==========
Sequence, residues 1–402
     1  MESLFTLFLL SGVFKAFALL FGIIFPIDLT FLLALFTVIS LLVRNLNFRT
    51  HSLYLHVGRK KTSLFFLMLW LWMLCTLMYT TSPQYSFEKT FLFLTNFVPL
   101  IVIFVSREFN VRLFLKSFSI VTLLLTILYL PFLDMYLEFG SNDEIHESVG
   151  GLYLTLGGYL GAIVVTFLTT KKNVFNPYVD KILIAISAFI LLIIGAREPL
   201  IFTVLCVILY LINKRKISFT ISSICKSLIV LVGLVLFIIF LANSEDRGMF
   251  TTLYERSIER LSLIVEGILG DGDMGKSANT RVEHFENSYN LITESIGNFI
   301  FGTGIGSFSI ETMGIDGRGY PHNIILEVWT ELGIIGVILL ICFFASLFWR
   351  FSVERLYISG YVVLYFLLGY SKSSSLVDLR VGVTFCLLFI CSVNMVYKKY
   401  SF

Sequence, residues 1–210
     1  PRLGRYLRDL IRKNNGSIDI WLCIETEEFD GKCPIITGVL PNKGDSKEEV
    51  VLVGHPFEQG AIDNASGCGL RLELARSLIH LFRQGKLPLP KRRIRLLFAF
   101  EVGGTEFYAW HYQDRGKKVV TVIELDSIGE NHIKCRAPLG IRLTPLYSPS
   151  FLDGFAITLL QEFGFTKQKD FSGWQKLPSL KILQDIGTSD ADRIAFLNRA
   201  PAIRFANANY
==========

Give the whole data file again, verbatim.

Sequence, residues 1–402
     1  MESLFTLFLL SGVFKAFALL FGIIFPIDLT FLLALFTVIS LLVRNLNFRT
    51  HSLYLHVGRK KTSLFFLMLW LWMLCTLMYT TSPQYSFEKT FLFLTNFVPL
   101  IVIFVSREFN VRLFLKSFSI VTLLLTILYL PFLDMYLEFG SNDEIHESVG
   151  GLYLTLGGYL GAIVVTFLTT KKNVFNPYVD KILIAISAFI LLIIGAREPL
   201  IFTVLCVILY LINKRKISFT ISSICKSLIV LVGLVLFIIF LANSEDRGMF
   251  TTLYERSIER LSLIVEGILG DGDMGKSANT RVEHFENSYN LITESIGNFI
   301  FGTGIGSFSI ETMGIDGRGY PHNIILEVWT ELGIIGVILL ICFFASLFWR
   351  FSVERLYISG YVVLYFLLGY SKSSSLVDLR VGVTFCLLFI CSVNMVYKKY
   401  SF

Sequence, residues 1–210
     1  PRLGRYLRDL IRKNNGSIDI WLCIETEEFD GKCPIITGVL PNKGDSKEEV
    51  VLVGHPFEQG AIDNASGCGL RLELARSLIH LFRQGKLPLP KRRIRLLFAF
   101  EVGGTEFYAW HYQDRGKKVV TVIELDSIGE NHIKCRAPLG IRLTPLYSPS
   151  FLDGFAITLL QEFGFTKQKD FSGWQKLPSL KILQDIGTSD ADRIAFLNRA
   201  PAIRFANANY